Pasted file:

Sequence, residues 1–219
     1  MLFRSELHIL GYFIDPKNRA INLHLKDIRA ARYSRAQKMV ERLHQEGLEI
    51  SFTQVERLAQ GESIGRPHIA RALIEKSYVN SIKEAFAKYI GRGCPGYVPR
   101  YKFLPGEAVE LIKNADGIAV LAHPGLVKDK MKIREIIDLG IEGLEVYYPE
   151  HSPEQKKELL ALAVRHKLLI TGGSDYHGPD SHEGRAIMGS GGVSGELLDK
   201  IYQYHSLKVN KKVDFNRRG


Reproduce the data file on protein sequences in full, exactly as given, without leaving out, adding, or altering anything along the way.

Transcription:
Sequence, residues 1–219
     1  MLFRSELHIL GYFIDPKNRA INLHLKDIRA ARYSRAQKMV ERLHQEGLEI
    51  SFTQVERLAQ GESIGRPHIA RALIEKSYVN SIKEAFAKYI GRGCPGYVPR
   101  YKFLPGEAVE LIKNADGIAV LAHPGLVKDK MKIREIIDLG IEGLEVYYPE
   151  HSPEQKKELL ALAVRHKLLI TGGSDYHGPD SHEGRAIMGS GGVSGELLDK
   201  IYQYHSLKVN KKVDFNRRG